Court. As I have given my opinion that he does not appear in the light of an accomplice, and that there is evidence to be left to the Jury of this being the property of Scott and Co. or of persons unknown; any thing that you now say will be addressed to the Jury indeed, therefore I must stop you; and I am also of opinion, that although the Captain of a ship has a qualified property in the cargo of the ship, yet he certainly has no right to carry it away by night, that is certainly a felonious taking: A man may feloniously take away his own property in the night, his property being mixed with others, if he takes it away with a felonious purpose; if in a warehouse in the city where goods are kept, one of the partners was to come in the night, and take away part of these goods, it would be burglary.

Mr. Fielding. My Lord, that is a trespass committed upon the possession of another; but I beg my Lord, again to declare that I have not taken a single objection owing to my consciousness of any weakness of this cause.

Court. I think the objection a very fair and proper one, and by no means frivolous, though my opinion is against it.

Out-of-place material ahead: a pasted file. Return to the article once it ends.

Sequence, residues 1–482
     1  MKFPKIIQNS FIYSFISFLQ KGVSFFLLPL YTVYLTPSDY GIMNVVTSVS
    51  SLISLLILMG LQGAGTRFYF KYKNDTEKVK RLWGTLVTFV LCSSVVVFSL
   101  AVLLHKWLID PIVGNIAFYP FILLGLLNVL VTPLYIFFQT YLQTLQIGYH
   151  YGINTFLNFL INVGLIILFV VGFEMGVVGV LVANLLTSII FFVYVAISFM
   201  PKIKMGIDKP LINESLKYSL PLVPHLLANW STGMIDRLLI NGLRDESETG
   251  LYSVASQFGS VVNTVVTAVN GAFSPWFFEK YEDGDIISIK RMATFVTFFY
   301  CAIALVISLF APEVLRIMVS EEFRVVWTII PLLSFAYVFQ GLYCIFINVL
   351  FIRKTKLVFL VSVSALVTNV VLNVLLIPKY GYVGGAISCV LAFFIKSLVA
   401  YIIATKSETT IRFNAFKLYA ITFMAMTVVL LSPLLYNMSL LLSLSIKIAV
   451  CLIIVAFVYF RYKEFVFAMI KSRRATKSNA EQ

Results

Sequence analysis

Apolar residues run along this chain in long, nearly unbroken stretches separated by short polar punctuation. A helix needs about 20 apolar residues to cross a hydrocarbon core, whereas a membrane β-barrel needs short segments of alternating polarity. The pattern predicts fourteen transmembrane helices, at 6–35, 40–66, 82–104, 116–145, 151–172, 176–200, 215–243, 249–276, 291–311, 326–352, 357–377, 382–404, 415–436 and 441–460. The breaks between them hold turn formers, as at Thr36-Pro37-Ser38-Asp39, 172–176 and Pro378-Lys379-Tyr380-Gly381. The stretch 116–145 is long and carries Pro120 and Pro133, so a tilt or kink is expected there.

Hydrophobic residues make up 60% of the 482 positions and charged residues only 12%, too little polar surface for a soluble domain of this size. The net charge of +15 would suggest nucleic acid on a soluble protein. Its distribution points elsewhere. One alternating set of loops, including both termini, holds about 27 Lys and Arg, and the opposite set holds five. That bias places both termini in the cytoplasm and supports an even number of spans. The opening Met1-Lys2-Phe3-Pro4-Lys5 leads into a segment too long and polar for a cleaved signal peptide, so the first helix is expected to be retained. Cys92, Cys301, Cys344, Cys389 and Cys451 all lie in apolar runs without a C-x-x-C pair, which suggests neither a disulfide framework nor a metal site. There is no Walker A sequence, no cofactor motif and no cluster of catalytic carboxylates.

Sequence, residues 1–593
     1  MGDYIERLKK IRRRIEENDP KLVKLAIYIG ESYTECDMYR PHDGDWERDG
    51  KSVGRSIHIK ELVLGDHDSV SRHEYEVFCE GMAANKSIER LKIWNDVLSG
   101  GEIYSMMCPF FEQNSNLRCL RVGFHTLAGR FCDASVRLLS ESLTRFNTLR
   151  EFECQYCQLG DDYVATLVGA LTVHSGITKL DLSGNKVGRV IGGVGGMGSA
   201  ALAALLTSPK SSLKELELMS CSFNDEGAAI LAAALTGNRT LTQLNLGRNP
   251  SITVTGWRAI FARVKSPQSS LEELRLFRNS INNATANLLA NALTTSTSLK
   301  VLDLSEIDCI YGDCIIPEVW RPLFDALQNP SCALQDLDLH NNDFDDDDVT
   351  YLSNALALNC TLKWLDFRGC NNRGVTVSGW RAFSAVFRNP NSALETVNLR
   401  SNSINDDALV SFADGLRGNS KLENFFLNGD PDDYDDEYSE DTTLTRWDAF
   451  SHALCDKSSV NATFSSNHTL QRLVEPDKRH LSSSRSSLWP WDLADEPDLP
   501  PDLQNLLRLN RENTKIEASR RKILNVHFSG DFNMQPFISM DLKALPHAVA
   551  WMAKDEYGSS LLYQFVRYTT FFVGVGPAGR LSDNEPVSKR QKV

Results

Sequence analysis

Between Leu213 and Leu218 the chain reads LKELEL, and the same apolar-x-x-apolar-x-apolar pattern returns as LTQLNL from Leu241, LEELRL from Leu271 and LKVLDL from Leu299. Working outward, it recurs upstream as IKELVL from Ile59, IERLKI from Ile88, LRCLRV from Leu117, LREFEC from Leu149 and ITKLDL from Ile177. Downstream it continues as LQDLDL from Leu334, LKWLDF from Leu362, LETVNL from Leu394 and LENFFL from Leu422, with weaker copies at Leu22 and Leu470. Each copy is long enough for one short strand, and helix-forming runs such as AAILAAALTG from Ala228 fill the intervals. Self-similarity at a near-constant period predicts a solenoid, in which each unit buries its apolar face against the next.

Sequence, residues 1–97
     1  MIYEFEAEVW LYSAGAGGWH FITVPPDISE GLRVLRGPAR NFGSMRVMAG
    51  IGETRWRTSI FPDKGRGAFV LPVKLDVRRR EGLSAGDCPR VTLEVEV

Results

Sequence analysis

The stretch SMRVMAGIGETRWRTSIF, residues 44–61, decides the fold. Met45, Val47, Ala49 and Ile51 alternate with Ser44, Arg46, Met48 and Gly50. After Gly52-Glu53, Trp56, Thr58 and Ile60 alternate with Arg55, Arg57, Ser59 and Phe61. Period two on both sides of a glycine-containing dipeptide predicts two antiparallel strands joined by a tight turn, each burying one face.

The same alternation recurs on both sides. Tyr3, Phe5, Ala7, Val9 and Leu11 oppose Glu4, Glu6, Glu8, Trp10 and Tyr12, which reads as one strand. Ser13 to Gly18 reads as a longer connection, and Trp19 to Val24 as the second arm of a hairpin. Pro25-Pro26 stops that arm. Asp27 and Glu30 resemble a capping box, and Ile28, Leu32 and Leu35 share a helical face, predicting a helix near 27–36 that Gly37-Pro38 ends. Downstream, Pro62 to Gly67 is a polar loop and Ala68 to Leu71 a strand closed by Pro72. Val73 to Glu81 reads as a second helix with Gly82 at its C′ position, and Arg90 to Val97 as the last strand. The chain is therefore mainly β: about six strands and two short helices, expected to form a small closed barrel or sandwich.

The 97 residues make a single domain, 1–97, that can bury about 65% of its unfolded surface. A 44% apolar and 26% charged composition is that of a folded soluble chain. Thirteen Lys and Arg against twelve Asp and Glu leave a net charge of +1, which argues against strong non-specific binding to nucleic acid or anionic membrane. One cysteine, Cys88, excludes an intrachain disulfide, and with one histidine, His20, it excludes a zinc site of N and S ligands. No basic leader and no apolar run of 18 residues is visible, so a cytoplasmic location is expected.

Witnesses for the Prisoners.


(Examined by Mr. Fielding.)

You are a Custom-house Officer? - Yes.

Do you remember being on board this ship on the night of the 6th of September? - Yes.

How was you employed on board the ship that night? - I was employed in taking an account of the cargo.

Was Jefferys on board that night? - Yes all night.

What time of the night was it that you spoke to him on the deck? - About two o'clock in the morning.

Had you seen him before you went to bed? - Yes.

What time did you go to bed? - About ten, he said he was to take the watch upon deck.

Did you give him any directions? - I told him to call either of us up when he was tired of walking, either in one hour or two hours, whenever he thought proper to call, if he was sleepy or heavy or any thing to call another man up; there was a lighter laid alongside partly loaded with coffee, that we had been discharging that day, and I told him if any thing happened to call us.

Did he call you up? - No, I got up about two o'clock.

Did you see him when you came upon deck? - He was upon deck.

Did he say any thing to you? - He did not say any thing at all to me, he did not mention a word to me then, nor to the other officers in my hearing, not a word of this fort was mentioned to me, I did not hear any thing of their being taken into custody, till the latter end of the week: I had no apprehension at all of any misdemeanor being on board the ship.